They are a reaction of the body’s immune system to irritating particles in the air, and millions of people are affected by them.
Allergy sufferers become more susceptible to allergens during this season.
In fact, according to the Centers for Disease Control and Prevention (CDC), about one in four adults and one in five children suffer from seasonal allergies.
Also known as hay fever or allergic rhinitis, a seasonal allergy is characterized by causing discomfort in the facial area.
Among its main symptoms are: sneezing, runny nose, nasal congestion, watery eyes, as well as itching around the nose, eyes and ears.
Five of the most common questions about seasonal allergies
- What are the symptoms?
These allergies can affect the nose and eyes and cause congestion and sneezing, itchy eyes, sore throat and fatigue.
- Symptoms can be triggered in certain seasons by pollen, such as tree pollen in spring and ragweed pollen in fall.
They may be unrelated to the seasons if they are triggered by exposure to dust or animals that emit allergens throughout the year.
- Some allergy sufferers develop allergic asthma, in which inflammation is concentrated in the lower airways. This can manifest as shortness of breath or wheezing.
- Who is prone to suffer them?
Allergic rhinitis, seasonal or non-seasonal, occurs in people who are genetically predisposed but also re-exposed to environmental triggers. Symptoms can be made worse by other factors such as stress, air pollution, and smoking.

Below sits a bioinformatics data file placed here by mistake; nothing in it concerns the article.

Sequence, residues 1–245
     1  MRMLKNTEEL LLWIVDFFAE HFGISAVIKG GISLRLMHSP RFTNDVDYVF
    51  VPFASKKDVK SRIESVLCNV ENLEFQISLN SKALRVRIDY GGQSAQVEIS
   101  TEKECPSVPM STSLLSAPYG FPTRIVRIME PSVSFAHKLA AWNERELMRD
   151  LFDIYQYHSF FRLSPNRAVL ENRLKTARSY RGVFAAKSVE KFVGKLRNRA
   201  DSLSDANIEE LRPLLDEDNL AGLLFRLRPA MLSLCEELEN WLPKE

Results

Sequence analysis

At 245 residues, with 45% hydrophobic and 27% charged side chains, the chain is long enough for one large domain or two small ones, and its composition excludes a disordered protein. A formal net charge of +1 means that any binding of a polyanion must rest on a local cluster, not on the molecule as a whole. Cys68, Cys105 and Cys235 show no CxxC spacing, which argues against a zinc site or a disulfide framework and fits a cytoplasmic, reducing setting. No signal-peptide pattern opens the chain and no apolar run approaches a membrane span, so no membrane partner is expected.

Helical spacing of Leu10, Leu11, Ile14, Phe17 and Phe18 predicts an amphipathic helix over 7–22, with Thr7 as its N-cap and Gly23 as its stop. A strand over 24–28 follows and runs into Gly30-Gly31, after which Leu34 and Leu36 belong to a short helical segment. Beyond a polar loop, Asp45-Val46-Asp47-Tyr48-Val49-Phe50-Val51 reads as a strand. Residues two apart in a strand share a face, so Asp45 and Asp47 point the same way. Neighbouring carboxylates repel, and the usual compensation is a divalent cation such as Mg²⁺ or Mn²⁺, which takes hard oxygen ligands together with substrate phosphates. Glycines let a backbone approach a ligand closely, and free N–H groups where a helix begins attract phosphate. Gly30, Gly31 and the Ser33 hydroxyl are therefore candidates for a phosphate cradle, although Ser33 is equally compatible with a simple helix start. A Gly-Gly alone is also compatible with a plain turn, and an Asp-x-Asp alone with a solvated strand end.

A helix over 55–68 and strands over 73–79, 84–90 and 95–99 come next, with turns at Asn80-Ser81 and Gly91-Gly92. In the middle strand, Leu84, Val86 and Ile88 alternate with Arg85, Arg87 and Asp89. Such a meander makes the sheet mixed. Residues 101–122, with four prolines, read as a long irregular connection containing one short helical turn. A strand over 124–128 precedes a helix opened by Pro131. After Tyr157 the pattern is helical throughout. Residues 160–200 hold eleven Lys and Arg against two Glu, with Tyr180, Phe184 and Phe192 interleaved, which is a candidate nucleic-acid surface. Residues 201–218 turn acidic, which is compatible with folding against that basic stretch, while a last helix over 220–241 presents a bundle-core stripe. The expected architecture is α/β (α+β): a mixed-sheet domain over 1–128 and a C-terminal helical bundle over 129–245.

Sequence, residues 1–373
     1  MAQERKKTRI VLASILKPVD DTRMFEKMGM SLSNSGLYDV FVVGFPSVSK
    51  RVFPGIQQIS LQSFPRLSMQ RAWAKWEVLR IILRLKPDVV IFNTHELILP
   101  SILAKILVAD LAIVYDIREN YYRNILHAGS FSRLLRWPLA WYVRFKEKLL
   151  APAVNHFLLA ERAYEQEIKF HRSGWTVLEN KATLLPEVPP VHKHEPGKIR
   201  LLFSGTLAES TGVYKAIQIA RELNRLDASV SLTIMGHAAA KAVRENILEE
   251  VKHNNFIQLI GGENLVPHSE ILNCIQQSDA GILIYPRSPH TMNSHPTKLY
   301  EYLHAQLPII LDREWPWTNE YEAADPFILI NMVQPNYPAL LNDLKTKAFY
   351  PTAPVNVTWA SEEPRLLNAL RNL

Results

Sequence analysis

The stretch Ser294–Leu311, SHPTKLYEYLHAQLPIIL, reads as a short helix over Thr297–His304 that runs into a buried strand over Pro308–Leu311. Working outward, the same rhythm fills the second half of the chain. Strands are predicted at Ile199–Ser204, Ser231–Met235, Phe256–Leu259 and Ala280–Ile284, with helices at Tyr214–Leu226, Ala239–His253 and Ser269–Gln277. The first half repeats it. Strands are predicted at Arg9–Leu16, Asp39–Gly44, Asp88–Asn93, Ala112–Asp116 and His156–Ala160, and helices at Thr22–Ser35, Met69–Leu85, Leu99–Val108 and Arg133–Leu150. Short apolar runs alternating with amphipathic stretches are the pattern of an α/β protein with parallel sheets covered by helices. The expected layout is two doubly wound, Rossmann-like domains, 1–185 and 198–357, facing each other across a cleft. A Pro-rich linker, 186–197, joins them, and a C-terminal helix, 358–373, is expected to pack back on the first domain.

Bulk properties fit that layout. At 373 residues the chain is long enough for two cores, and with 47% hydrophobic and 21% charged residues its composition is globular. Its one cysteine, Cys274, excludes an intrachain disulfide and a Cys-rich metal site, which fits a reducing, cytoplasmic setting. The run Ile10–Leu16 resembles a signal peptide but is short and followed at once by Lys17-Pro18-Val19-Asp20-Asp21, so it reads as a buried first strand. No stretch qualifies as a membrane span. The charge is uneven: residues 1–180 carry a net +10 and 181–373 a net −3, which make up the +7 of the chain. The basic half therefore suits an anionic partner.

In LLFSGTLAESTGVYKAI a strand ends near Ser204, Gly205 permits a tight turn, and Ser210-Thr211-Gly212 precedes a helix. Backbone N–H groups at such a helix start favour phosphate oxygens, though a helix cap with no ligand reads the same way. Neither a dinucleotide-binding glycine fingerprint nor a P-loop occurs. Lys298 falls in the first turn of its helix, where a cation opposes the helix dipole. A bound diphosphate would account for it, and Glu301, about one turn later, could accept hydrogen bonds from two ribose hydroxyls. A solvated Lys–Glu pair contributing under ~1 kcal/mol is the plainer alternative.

- What is the best way to control them?
Allergies have no cure. But they can be controlled with prevention and treatment. The best way to manage allergic rhinitis is to first identify the triggers. These vary from person to person.
This can be assessed by visiting an allergist, who might perform skin or blood tests after taking a careful history. If tree pollen, for example, is identified as a trigger, exposure can be minimized by wearing hats and sunglasses outdoors, removing shoes, and showering when returning indoors. If it’s dusty, “avoiding sweeping and mopping or vacuuming can minimize exposure.
A second step is drug treatment. We currently have many medications to treat this problem.
- These can be nasal sprays, lozenges, or eye medications. They are usually well tolerated. If someone is intolerant of medications or has persistent symptoms, allergen immunotherapy may be considered, either through injections, known as allergy shots, or with medications administered under the tongue.
- What kind of medication can I take to relieve the symptoms?
Two of the main types of medications used to treat allergies are antihistamines and steroids. These medications are available without a prescription in the form of pills, nasal sprays, eye drops, and by prescription.
- Look for products that contain a non-drowsy antihistamine.
- Use a steroid nasal spray alone or along with an antihistamine to quickly clear the nasal passages. A saline rinse before using a nasal spray can help remove pollen and ensure better drug penetration.
- Itchy and watery eyes can be treated with artificial tears to remove pollen or with antihistamine eye drops.
- When should I see a doctor?
Environmental allergies can appear at any time in life and vary in frequency and severity. If symptoms are not easily controlled or not well understood, it is advisable to consult an allergist/immunologist. Symptomatic treatment in combination with prescribed medications can successfully treat most situations.
An allergist/immunologist can perform skin tests to see what specific substances a person is allergic to. If so, arrangements can be made for you to receive allergy shots to help desensitize you to the allergy-causing allergens. However, this takes time and does not immediately relieve symptoms.